You can specify various if you want to crop outside of the image. AGAIN when you’re finished you’ll need to click on either the hand or the arrow icon to exit from the crop tool

 

Next we’ll look at colour editing.

 

On the Colour (Color) tool page you’ll find the colour wheel (well the parts of it that C1 have bothered to mark with a line, I mean just because green and yellow are next to each other it doesn’t mean there’s no dividing line… I digress… Adam get on with it)

 

If you see where I’ve circled the eye dropped tool? This tool allows you to select a colour to be edited

 


Clicking the View Selected Colour Range allows you to work with just the colour you want (so no I didn’t suddenly get into selective colour photography)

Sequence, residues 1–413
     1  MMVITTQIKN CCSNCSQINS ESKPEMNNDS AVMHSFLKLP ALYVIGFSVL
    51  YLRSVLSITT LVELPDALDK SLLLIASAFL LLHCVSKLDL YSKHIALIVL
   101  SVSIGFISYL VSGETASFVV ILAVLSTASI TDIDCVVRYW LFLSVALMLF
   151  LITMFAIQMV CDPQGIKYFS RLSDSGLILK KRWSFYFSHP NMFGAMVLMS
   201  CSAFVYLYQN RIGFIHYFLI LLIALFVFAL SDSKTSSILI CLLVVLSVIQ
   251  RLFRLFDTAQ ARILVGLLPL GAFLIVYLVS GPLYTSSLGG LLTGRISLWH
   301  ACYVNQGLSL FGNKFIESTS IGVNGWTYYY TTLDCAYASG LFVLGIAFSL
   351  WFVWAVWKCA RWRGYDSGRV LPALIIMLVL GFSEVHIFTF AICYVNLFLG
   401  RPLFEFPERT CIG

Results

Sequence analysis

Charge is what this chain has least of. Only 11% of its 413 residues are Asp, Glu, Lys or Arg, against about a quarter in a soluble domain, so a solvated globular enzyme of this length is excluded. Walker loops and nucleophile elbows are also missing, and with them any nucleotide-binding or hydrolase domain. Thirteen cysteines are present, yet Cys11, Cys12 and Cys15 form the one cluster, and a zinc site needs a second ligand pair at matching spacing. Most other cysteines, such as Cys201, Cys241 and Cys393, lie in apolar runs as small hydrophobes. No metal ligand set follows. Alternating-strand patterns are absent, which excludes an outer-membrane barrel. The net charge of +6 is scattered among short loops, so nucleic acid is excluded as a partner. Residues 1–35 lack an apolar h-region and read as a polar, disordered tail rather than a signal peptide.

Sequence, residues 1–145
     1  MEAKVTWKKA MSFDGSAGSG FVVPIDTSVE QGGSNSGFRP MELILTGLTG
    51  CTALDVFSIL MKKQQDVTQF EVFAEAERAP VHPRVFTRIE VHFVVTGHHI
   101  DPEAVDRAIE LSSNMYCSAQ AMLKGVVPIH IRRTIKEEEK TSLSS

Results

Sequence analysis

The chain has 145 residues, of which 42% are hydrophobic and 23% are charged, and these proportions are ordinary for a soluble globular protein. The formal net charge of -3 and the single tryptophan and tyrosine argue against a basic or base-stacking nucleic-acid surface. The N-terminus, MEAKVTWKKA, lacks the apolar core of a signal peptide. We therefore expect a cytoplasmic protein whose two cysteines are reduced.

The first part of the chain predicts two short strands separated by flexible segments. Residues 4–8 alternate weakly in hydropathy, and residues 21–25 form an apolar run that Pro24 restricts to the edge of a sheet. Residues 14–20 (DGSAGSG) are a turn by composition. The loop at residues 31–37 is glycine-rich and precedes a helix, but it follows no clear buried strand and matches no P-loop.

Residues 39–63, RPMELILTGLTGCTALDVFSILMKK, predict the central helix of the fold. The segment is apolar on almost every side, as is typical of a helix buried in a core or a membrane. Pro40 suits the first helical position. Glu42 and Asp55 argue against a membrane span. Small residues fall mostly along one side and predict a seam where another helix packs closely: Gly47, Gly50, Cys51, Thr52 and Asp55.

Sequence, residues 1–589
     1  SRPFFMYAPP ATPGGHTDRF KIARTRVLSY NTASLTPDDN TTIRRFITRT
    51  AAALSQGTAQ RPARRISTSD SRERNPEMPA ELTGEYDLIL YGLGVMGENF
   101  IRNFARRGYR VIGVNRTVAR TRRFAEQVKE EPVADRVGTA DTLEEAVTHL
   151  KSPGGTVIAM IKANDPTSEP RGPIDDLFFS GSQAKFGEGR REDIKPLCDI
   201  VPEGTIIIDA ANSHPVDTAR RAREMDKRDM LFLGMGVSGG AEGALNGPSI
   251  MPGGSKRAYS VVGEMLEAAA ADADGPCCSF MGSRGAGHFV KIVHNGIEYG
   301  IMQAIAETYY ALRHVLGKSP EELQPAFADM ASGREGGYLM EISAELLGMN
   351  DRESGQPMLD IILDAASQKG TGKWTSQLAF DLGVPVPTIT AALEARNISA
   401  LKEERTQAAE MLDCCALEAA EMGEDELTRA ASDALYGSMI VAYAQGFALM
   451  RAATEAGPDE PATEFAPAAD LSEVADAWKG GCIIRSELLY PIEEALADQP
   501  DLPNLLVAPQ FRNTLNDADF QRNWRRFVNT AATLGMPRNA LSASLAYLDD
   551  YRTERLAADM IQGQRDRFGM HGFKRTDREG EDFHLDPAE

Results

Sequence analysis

Here I’ve made the yellow flowers, even more yellow (I think the extra yellow represents the anguish of the human condition as the flowers hold up a mirror to society, or possibly it’s just some kitschy crap I snapped for this article)

 

Of course it may be that you really want to make a black and white photo.

 

Still in the colour tools section, you’ll find the Black and White tool (and yes, for this kitschy crap shot, I couldn’t even be bothered to leave the house to make the sample photo)

 

The Black and White tool is easy to use, simply tick that box (circled) and….